You know, usually when I write these reviews, I try to start things on a clever note by starting with some sort of broad statement, and then whittling it down until I get to the book I wish to review itself. I find that I can’t really do this for today’s review. The author in question, Rufus King, is one I had never heard of until I stumbled over a little row of his books on the 10th floor of the library. I cannot comment on how good or bad an author King was, or what I like or dislike about him— at least not until I get to the main review. Well, enough stalling; today I will be looking at Rufus King’s Somewhere in This House.
This is truly a bizarre book. The events all take place in the same secluded house in the countryside over the course of one night. A maid, Alice Tribeau, has been shot, but luckily she isn’t dead. Lieutenant Valcour is near the scene, and so, along with the man he’s staying with, Dr. Harlan, he goes off to the house to investigate while Harlan treats the young lady.
There are three other inhabitants in the house. First, there’s Mr. Sturm, a man getting on in years, whose health isn’t in the greatest shape, but he shows himself to be a level-headed, shrewd, and calculating man. There’s also his son, Will, who is in the middle of an extremely unhappy marriage to Vera. Will is convinced that Vera’s presence is poisoning his father, while Vera believes that if only they’d stayed in the city, they would’ve turned out O.K. As the night wears on, the tensions between these characters rises, while a heavy snowstorm rages outside…
These characters are well-developed, and ultimately feel like real people, and not simply words on a page. Their relationships, quarrels, and behaviours generally seem very real and genuine. There are, however, very odd touches about the way these characters are presented to the reader. The maid, Alice Tribeau, is almost always referred to as Alice Tribeau. You would expect a family with a maid would simply call her Alice or Miss Tribeau, but instead, they always take the time to say both her name and surname—even in their heads. Meanwhile, Vera and Will are almost always simply Vera and Will, though at the same time, they probably get the most exceptions, with occasional references to “Mr. Sturm” or “Mrs. Sturm”. Meanwhile, the head of the household gets no name— at least none that I can remember. It’s either Father or “Mr. Sturm.” Some of these choices can get annoying at times, particularly in the case of Alice Tribeau.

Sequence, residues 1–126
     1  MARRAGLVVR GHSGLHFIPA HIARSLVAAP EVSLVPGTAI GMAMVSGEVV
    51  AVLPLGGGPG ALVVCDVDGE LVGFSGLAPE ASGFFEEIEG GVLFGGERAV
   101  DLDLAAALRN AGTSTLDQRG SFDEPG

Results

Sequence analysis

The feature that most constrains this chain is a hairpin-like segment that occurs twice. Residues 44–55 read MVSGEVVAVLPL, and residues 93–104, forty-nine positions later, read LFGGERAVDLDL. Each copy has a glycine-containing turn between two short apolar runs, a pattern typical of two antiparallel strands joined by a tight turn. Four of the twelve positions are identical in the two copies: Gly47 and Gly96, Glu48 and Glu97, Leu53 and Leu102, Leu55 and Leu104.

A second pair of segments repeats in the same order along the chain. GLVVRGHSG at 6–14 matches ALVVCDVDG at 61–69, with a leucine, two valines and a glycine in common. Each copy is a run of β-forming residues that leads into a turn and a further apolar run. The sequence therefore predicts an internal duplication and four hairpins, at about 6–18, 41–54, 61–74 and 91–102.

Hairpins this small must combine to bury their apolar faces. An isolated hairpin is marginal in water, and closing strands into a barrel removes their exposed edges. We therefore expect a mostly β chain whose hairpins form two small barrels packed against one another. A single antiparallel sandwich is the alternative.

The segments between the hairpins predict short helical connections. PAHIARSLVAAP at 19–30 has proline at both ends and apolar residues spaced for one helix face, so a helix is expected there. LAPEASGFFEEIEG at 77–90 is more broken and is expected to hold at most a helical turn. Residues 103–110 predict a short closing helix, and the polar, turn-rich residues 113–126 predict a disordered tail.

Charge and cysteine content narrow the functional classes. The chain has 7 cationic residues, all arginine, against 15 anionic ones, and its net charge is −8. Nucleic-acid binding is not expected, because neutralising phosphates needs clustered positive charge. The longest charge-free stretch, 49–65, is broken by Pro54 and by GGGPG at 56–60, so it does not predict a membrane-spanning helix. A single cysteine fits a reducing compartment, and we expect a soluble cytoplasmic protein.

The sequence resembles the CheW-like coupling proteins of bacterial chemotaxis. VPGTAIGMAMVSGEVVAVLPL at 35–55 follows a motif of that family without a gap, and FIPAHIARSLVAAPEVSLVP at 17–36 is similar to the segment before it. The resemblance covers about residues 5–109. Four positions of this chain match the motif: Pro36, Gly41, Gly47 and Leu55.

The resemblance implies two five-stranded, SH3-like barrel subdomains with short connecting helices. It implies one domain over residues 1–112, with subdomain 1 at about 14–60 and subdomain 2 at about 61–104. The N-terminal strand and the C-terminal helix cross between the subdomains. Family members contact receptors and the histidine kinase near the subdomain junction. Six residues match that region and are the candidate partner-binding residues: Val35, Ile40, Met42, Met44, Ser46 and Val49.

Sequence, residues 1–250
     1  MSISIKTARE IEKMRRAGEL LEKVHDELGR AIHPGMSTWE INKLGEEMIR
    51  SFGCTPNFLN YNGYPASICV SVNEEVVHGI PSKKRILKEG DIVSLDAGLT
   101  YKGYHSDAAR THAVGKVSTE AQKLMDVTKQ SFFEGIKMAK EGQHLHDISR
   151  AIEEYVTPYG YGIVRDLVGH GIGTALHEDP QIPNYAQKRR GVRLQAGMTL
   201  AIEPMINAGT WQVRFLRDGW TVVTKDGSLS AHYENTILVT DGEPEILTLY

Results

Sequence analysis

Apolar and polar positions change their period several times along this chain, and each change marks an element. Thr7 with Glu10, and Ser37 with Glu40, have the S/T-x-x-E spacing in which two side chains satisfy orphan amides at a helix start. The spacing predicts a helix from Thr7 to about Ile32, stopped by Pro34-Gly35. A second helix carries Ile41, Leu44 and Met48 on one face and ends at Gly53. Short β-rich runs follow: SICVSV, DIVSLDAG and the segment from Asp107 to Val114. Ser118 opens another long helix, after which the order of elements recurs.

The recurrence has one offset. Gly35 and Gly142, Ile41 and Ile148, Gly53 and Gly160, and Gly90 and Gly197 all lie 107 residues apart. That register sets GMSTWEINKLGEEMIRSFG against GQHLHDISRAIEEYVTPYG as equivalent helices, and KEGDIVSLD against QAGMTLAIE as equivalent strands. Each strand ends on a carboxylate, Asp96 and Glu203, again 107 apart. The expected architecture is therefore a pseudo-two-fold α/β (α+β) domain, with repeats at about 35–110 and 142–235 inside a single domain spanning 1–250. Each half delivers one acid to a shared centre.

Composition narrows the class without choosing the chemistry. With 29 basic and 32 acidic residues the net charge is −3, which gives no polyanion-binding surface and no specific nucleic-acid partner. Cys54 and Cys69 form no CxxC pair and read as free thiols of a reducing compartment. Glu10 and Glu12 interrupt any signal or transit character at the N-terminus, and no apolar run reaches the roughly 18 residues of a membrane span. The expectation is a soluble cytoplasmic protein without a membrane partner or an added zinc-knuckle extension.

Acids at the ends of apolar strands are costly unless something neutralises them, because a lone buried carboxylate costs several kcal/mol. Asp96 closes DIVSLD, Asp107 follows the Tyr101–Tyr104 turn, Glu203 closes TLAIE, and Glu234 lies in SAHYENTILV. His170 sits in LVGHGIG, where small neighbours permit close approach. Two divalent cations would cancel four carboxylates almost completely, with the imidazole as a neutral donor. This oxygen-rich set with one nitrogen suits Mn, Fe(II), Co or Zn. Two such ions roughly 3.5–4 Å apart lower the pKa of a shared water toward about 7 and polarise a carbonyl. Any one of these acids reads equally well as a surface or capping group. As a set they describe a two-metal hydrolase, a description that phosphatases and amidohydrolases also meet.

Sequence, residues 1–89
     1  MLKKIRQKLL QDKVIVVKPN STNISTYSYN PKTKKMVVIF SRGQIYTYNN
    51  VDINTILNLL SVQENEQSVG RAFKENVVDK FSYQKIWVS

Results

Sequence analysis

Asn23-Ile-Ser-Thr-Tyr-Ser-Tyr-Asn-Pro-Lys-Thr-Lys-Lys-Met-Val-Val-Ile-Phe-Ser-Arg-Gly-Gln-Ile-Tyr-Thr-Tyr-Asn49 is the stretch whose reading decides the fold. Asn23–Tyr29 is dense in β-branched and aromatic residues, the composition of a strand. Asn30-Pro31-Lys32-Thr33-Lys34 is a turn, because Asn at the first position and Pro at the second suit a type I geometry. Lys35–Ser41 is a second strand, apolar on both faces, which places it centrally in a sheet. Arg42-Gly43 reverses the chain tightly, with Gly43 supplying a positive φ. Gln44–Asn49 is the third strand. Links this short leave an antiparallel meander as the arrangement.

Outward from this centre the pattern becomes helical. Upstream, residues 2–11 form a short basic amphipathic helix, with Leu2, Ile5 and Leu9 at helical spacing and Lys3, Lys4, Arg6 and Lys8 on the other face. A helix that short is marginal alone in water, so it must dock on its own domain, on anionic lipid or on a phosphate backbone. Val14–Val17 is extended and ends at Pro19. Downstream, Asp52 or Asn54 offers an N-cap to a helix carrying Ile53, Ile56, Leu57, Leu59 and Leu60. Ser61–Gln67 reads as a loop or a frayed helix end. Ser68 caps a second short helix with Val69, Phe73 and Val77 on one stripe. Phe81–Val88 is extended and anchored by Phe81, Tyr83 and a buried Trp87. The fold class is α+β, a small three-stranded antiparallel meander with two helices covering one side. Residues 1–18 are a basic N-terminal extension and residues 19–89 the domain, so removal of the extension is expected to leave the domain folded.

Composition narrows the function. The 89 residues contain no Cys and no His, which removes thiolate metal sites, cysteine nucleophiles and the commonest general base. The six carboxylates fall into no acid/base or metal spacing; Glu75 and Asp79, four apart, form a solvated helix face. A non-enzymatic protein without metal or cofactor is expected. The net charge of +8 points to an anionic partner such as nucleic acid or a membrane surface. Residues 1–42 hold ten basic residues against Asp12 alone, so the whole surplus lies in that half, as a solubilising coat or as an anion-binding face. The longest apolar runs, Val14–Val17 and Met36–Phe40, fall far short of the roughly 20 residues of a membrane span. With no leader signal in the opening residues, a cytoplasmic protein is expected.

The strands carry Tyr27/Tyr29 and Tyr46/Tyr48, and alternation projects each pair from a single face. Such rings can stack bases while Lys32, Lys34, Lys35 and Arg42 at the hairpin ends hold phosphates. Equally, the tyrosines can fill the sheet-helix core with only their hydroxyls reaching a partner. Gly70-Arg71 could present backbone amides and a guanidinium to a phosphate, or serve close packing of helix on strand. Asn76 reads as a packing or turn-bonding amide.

The plot is not very good. There is an effective claustrophobic atmosphere, but it’s far from the best I’ve ever read, though still very good. It doesn’t change the fact that Lieutenant Valcour, the main detective, ultimately comes across as a fool—oh, no he shows competence overall, but he is fooled by things that wouldn’t have deceived a five-year-old. When he finally does solve the case, he cries out something along the lines of “What a fool I’ve been!” to which I can only shake my head in agreement. The plot never does get very good; neither the shooting of Alice Tribeau nor a second attack are very interesting, and the clueing is most certainly unfair. Most of the solution hinges on evidence that the reader cannot use, such as fingerprints or samples of handwriting. Not only that, the solution leaves a lot to be desired, as you are never convinced of the inevitability that X and only X could have been the culprit.
In addition, there are a few strands of plot which never seem to belong, including an attempted poisoning plot which is suddenly and confusingly thrust into the reader’s face, as though in an attempt to distract from the far-too-obvious solution to the case. King also misses a glorious chance for an impossible crime, which I thought would be the direction the book would take at first. Why? There was only one set of footprints in the snow, which stopped falling long enough to establish that nobody else entered the house after Alice Tribeau, and therefore, there was no outsider responsible. One of the characters is an invalid, I was simply waiting for a scene where we’d get the declaration “But nobody could have shot her! I was in Dad’s presence, and Dad’s heart would give away at the sound of a gun! And Will is terrified of guns! That’s why we don’t have one in the house!” I was waiting, waiting for the miraculous appearance and disappearance of a gun to become the problem. It never was—turns out there was a gun in the house all along, in a really boring explanation.
So, the plot is pretty bad and frankly bizarre at times, but the central characters at least are strong, and there’s decent atmosphere. There’s also a really effective segment of extremely dark humour, where one of the characters gets drunk and we get to share his mad ravings. I wish I could share it with you, but it is the result of pages of character development and tension, finally released under the spell of the drink.
There is one other thing I have to praise King for: his writing. I mentioned earlier that a snowstorm plays a significant part in this story, and the writing is simply beautiful, as King masterfully captures the beauty and grandeur of Nature gone wild. His other descriptions, of atmosphere, of character, and of setting, are all simply marvellous.
Unfortunately, the book’s problems are too severe to ignore. Despite the strong stuff it has going its way, the problems bog it down, ultimately making it an entry into mediocrity with a few good ideas. I don’t particularly recommend it to mystery fans, but if the only other thing left on the library’s shelves is Twilight, this book will do very nicely.